Skip to main content

See also:

Wes Anderson delivers too much of a good (madcap) thing in Grand Budapest Hotel

The Grand Budapest Hotel is awash in figuratively lush, quirky settings and sweeping, cinematically evocative landscapes
The Grand Budapest Hotel is awash in figuratively lush, quirky settings and sweeping, cinematically evocative landscapes
Written by Wes Anderson, Stefan Zweig, Hugo Guinness

The Grand Budapest Hotel

Rating:
Star3
Star
Star
Star
Star

Admittedly, of Wes Anderson's impressive oeuvre, I have only seen The Royal Tenenbaums (and I do believe my now 11-year-old stepdaughter was enamored of The Fantastic Mr. Fox) so my internal writer/director frame of reference against which to compare The Grand Budapest Hotel is rather attenuated. However, for reasons I will endeavor to illuminate, the same anticlimactic sensation that subtly nudged its nose into me like a bored but frisky puppy, after viewing The Royal Tenenbaums, befell me after concluding The Grand Budapest Hotel.

The Grand Budapest Hotel is, indubitably, a feat of sensuous ecstasy, a visually stunning display of unique originality and brilliant whimsy. Yet, in its relentless nod to the quirky, with an obsessive trajectory of the eccentric, it almost loses its foothold in something grounded, to anchor such gymnastic triumphs of the surreal reality.

There is, of course, a lovely dramatic storyline of humanity, of character redemption and vindication of questionable moral flaccidity in our hero and protagonist, Gustave H., an urbane, slightly haughty, concierge of the film's grand hotel. Ralph Fiennes portrays an elegant, eloquent dandy who cherishes a time of old-fashioned courtesy and hospitality, especially to his rather wealthy clientele of dowager paramours, like Tilda Swinton's Madame D.

The death of Madame D. sets off the engine that zips this moving picture along like one of those swamp tour boats with giant fan outboard motor at the stern, spitting the vessel forward at clips that leave one little time to contemplate the alligators that probably would be making claims at passengers' limbs akimbo from the boat. The Grand Budapest Hotel shoots along at such a farcically absurd pace, one hardly has time to realize all the smoke, mirrors and stylistic flourishes seem to be masking a self-consciously tenuous void of substance. Did alligators eat away parts of the meaty script, leaving primarily the film flammy Evel Knievel-Meets-The-Great-Escape action sequences, the distractingly daring cinematic splurges of magical color, texture, and tone, minus a solid core?

Yet I don't mean to harshly criticize such a lush and contemplative script, that does leave the audience with something important to think about when the credits roll. What does give life meaning, color, purpose? When does the call to do what's right according to conscience outweigh legal strictures which flout "doing the right thing"? When is it OK to break the law? Do greed and evil always go hand in hand? Can they be stopped, and at what cost do we strive to vanquish the enemy?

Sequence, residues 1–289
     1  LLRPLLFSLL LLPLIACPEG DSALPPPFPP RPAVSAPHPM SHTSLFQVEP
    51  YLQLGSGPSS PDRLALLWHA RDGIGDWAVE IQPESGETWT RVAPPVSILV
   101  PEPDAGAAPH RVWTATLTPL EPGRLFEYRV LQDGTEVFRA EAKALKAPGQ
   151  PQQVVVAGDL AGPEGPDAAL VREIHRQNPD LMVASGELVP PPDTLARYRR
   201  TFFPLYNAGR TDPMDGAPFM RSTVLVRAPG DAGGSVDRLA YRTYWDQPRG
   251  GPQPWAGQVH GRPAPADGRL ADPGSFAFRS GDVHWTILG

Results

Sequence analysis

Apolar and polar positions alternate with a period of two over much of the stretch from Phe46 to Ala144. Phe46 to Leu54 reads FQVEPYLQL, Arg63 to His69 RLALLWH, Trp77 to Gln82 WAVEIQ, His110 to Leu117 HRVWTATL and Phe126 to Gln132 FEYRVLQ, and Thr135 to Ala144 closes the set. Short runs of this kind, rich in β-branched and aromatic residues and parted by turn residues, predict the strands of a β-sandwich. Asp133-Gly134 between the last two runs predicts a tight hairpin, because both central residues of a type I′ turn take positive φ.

Yet I couldn't help but imagine that what I watched for 100 minutes in moving images may have been better left as a two dimensional comic strip: a graphic novel, wherein we anticipate heavy handed, over-written characters, and abruptly shifting montages of cartoonish camerawork, where fictional settings shapeshift rapidly before the audience can catch its breath and establish a contextualizing sense of place. Yes, we know this adventure takes place in Europe between WWI and WWII. But I can't definitively point to the pages missing in this narrative that detract from a dynamic holism. The grenade of whimsy's pin was pulled and there was something missing to hold the whole thing together. Pangs of "stop-trying-to- be-so-creative-and-avant-garde!" whipped its protests up my impatient skirt as the script exploded in a million directions. Which brings me to another point: We all love cameos from superstar Hollywood actors, but it was as if the Grand Budapest Hotel's narrative arc was a pretext for cramming in as many as Anderson could fit: Bill Murray, aforementioned Tilda Swinton and Ralph Fiennes, Adrien Brody, Willem Dafoe, Edward Norton, Jude Law, Jeff Goldblum, Jason Schwartzman, Owen Wilson, Harvey Keitel...

At about 3/4 into the picture, I literally began to feel that it must be the discomfort of my full bladder rendering me fidgety and unable to appreciate the insightful, provocative dialogue and phantasmagoric cinemascape. Thus, I quickly dashed to the bathroom, convincing myself I'd be refreshed and able to better appreciate what so many critics have hailed as a masterpiece of wit, intelligence and caper-y compositional competence.

Yet when I returned to my theater's seat, fully excreted, the madcap blitzkrieg only seemed to quicken and snowball into even more (somewhat tedious) clever tricks of camera and enlarged-diorama-like settings ... outcroppings of grown up kids' (writers Stefan Zweig, Hugo Guinness, and Anderson) giftedly warped and enlarged imaginations.